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5 ways to relieve your election stress

You're stressed. Your family's stressed. Your friends are stressed. Here's what to do about it.
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It happened. Donald Trump won, and whether it's your dream come true or worst nightmare, there is a lot of in-your-face reaction. Television and radio have non-stop coverage, the stock market is plunging and your friends are posting rants on Facebook.

Your heart is in your throat and you want to either obsessively check your phone and feeds or dive under the covers.

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But there are some good ways to deal with election stress, experts say, and you can even channel your anxiety into positive behaviors. Here’s how:

1. Do something healthy

Obsessive election behavior is like any other compulsive disorder, said psychologist Dr. Jeff Temple of the University of Texas Medical Branch in Galveston.

“One of the things we do with quitting smoking is if you want to smoke, you have to walk around the block and you can only smoke in the corner of your yard,” Temple said.

You can go check the latest news, or add that clever riposte on Facebook, but not the minute you want to.

“If you do, you have to do something healthy first. You have to walk to the store. You have to call a friend you haven’t talked to in a while and you cannot talk politics,” Temple advised.

The American Psychological Association has similar suggestions: “Take some time for yourself, go for a walk, or spend time with friends and family doing things that you enjoy.”

RELATED: Watch this soothing GIF that will help you relax in minutes

2. Reduce your exposure

It may be hard, but most experts agree it can be good to cut back on media in the days following an election. “Limiting our exposure to the 24-hour news cycle and social media feeds is helpful,” Temple said.

“We want to stay informed and we want to keep track of it but it doesn’t do any good from a stress perspective to keep on the 24-hour cycles. That’s over-informed and that is not healthy.”

You can fix your social media feeds, also, noted Ken Yeager, director of the Stress, Trauma and Resilience Program at The Ohio State University Wexner Medical Center. "A lot of people don't understand that all of the feeds that they get on social media are based on their preferences and their likes. You can sign onto the internet anonymously. All of those tracking preferences go away." Facebook lets you opt out of getting political ads and if you are getting feeds from, say, a political site, you can ask to not see those posts by clicking in the upper right corner.

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3. Don’t argue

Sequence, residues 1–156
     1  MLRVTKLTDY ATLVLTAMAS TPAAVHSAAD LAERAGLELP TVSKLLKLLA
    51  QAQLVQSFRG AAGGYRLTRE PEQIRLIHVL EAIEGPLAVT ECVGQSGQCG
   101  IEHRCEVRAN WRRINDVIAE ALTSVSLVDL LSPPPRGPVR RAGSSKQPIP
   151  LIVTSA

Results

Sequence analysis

It’s pointless, really. “At the end of the day I am going to have convinced myself that I am right and the other person is going to have more certainty that he or she is right,” Temple said.

Elections 2016
If it gets personal, back off. Tom Lehane, left, a Donald Trump supporter, has a disagreement with Hillary Clinton supporter Hila Minshen prior to a Trump rally at the Pensacola Bay Center in September. Mark Wallheiser / Getty Images

And if it gets personal, back off, advisedEmanuel Maidenberg, clinical professor of psychiatry at UCLA’s Semel Institute and David Geffen School of Medicine. “The purpose of such discussion is to express and exchange points of view — not to win. Be the first to de-escalate,” he said.

Temple says it's OK to drop some relationships. "That is how you know which friendships last," he said. "Some of the relationships we have on Facebook are pretty superficial."

For kids, the election arguments can be a way to teach better behavior, said Yeager. “It’s fascinating to use examples of this is a way to not be civil,” Yeager said “This is a great teaching tool. Words matter.”

4. Take a breath

It may be a cliché, but mindfulness exercises really do work. Meditation Society founder Sharon Salzberg has some election-specific advice on her website ; she and other therapists can take you through some mini-meditation exercises at the 10 Percent Happier website.

5. Accept

"It's going to take some time." Temple said. "Compare it to grieving."

Just as there's a process to grieving, there's a process to accepting unwelcome elections results, Temple says.

“The best thing we can do is accepting the results and figuring out a way to channel that energy into something positive — local politics, volunteering,” Temple said. “Accept that there is going to be some post-election misery.”

US Presidential Election
Vote, it'll help you feel better. A poll observer and a committee representative talk outside a polling location for the 2016 US presidential election after polls opened at Engine One Fire Station in Philadelphia, Pennsylvania. TRACIE VAN AUKEN / EPA

And what about the upcoming Thanksgiving holiday? How will you cope with your crazy uncle who's sure the world will end now that the "wrong" candidate won?

Temple admits he’s cheating.

“My wife and I, we are going to Jamaica. We are doing an all-inclusive vacation to Jamaica for this very reason,” he said. “We love our family but sometimes it is about avoiding and avoiding that stress.”